chronic alcoholism in conjunction with its acute and chronic deleterious consequences ranks among the top five risk factors for disease and death (7). While clinical evidence suggests that low to moderate daily consumption of alcoholic beverages (particularly red wine) is associated with favorable consequences on cardiovascular mortality (1, 6), chronic and heavy drinking promotes cardiac dysfunction or subsequent cardiomyopathy/heart failure and increases the risk of sudden cardiac death (9, 12).
Increasing is the number of people who binge drink, which is the most common form of alcohol abuse in young adults (10, 13). According to a national survey, close to 60% of college students ages 18-22 drank alcohol in the past month, and over 60% of them engaged in binge drinking during that same time frame (10). Binge drinking is associated with adverse cardiovascular effects, such as macro- and microvascular dysfunction in young adults (5), and enhanced myocardial injury (14).
Although animal studies have investigated the cardiovascular effects of either acute or long-term ethanol (EtOH) consumption, there are no good mouse models that mimic human drinking patterns and lead to alcoholic cardiomyopathy (3). In this issue of the American Journal of Physiology-Heart and Circulatory Physiology, Matyas et al. (8) describe new mouse models of alcoholic cardiomyopathies [National Institute on Alcohol Abuse and Alcoholism (NIAAA) models] induced by feeding mice with a liquid Lieber-DeCarli diet containing 5% ethanol for 10, 20, and 40 days combined with single or multiple EtOH-binges (5 g/kg body wt) (8). They characterize detailed hemodynamic alterations by using both echocardiography and invasive pressure-volume (P-V) conductance approaches. While chronic alcohol feeding for 10 and 20 days induced no significant changes in load-independent indexes of myocardial contractility (measured by the P-V approach) compared with isocaloric pair-fed control animals, the more prolonged alcohol feeding for 40 days was associated with declined left ventricular function (8). However, when the alcohol feeding was combined with single or multiple binges (10 days + 1 binge, 20 days + 2 binges, and 40 days + 4 binges), it resulted in dramatic reduction of left ventricular systolic and diastolic function compared with controls or animals fed with EtOH diet for the same duration without binges.
The chronic plus binge drinking was also associated with marked impairment of vascular function, including decreased arterial elastance and total peripheral resistance, as measured by P-V conductance system, leading to hypotension and impaired ventriculo-arterial coupling. Remarkably, even the shortest period of alcohol feeding (10 days) combined with a single binge was sufficient to induce marked cardiac and vascular dysfunction. Importantly, to avoid the acute effects of alcohol binge on cardiac performance, the authors evaluated hemodynamics 9 h following the administration of the binge when the blood alcohol levels were returning to baseline in mice.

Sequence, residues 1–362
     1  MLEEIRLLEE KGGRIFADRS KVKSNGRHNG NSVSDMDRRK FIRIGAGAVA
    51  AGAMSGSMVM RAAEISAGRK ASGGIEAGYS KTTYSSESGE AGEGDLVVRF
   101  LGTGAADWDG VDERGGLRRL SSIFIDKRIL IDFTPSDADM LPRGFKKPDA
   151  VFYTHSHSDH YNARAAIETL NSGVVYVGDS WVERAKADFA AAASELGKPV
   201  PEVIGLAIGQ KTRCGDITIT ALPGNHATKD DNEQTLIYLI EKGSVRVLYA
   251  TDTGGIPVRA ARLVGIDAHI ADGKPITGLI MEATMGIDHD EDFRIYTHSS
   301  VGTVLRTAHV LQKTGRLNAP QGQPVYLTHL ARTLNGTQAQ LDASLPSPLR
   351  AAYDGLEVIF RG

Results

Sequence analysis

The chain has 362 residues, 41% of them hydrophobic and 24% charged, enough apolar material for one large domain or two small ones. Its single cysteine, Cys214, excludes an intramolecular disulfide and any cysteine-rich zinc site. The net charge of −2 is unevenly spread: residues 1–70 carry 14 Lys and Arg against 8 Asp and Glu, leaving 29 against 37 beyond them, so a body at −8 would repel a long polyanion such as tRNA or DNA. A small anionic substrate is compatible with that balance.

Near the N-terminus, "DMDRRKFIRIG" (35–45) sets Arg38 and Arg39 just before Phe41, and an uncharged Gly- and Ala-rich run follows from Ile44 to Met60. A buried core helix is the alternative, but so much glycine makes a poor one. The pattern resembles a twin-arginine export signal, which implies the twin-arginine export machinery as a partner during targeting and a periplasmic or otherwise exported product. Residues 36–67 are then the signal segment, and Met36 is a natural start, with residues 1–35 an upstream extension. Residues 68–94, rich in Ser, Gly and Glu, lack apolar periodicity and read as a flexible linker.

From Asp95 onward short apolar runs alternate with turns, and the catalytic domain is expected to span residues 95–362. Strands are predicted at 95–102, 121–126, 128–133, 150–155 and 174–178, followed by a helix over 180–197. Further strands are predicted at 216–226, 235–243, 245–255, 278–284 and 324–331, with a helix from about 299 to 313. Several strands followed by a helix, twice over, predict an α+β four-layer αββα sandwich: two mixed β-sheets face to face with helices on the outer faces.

Interestingly, the conventional load- and heart rate-dependent markers of cardiac function measured by echocardiography, such as ejection fraction and fractional shortening, were not different among groups. In a way, this is not entirely surprising based on the marked effects of the chronic plus binge drinking on total peripheral resistance and heart rate. This finding emphasizes the limitation of small animal echocardiography measurements in cardiovascular pathologies when the loading conditions are altered and the importance of using the P-V conductance system for evaluating the hemodynamic effects of alcohol in vivo (11).
To explore the mechanism of the observed cardiac dysfunction, the authors evaluated markers of oxidative/nitrative stress, metabolism, mitochondrial function, and biogenesis. They found mitochondrial dysfunction in their alcoholic cardiomyopathy models (complex I activity was decreased in the 10 days + 1 binge model, whereas complexes II and IV activities were attenuated by increasing the number of binges and the duration of EtOH feeding), increased oxidative and nitrative stress, and decreased mitochondrial biogenesis.
The impaired renin-angiotensin system plays a critical role in alcohol-induced cardiomyopathy both in humans and rodents (2, 4). Consistently with these observations, an increase of angiotensin-II type-1 receptor expression was found in hearts of animals on alcohol diets (8). Alcohol consumption in mice was also associated with mild cardiomyocyte hypertrophy without significant fibrosis (8).
Different cardiovascular diseases have been associated with an excessive amount of steatosis in the myocardium (15). One of the most interesting aspects of the study by Matyas et al. (8) is the demonstration of cardiomyocyte lipid accumulation after as early as 10 days of EtOH consumption, which was markedly enhanced by EtOH binge and paralleled with upregulation of myocardial acetyl-CoA carboxylases (ACC 1 and 2), suggesting upregulation of the triglyceride synthesis pathways (8).
Collectively, the new mouse models of cardiomyopathy and vascular dysfunction induced by chronic plus single or multiple EtOH binges (i.e., NIAAA models) mimic many features of alcohol-induced cardiovascular pathology in humans (5, 14). This study also suggests that binge drinking may significantly enhance the deleterious cardiovascular effects of excessive EtOH consumption (8). This binge-induced injury may contribute to the 1,825 EtOH-related deaths of college students between the ages of 18 and 24 annually (10) and warrants further investigation.
No conflicts of interest, financial or otherwise, are declared by the author(s).
J.D.G. drafted, edited, revised manuscript, and approved final version of manuscript.
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